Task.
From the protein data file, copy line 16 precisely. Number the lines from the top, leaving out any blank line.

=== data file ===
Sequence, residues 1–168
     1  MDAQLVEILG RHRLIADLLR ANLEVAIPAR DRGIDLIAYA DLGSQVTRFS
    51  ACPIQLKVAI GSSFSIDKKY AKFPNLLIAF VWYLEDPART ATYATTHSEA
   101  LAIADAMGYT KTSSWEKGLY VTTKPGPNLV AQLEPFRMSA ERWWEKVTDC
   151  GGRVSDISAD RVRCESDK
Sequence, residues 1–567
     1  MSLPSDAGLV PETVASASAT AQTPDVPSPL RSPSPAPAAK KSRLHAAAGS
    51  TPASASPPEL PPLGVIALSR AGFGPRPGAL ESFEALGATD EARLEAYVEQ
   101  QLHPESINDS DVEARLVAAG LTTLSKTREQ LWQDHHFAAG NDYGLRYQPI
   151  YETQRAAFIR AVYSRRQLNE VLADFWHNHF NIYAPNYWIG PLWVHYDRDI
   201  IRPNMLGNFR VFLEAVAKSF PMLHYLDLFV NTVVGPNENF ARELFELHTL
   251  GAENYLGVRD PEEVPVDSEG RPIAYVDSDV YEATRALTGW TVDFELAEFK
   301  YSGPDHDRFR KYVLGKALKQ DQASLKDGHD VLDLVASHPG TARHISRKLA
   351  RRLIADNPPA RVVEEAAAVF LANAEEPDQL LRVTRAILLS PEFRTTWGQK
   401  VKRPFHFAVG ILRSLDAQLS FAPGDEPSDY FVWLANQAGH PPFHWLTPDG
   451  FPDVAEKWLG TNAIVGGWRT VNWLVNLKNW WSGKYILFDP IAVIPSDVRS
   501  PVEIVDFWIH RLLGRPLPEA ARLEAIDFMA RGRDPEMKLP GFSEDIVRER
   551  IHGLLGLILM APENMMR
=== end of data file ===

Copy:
   451  FPDVAEKWLG TNAIVGGWRT VNWLVNLKNW WSGKYILFDP IAVIPSDVRS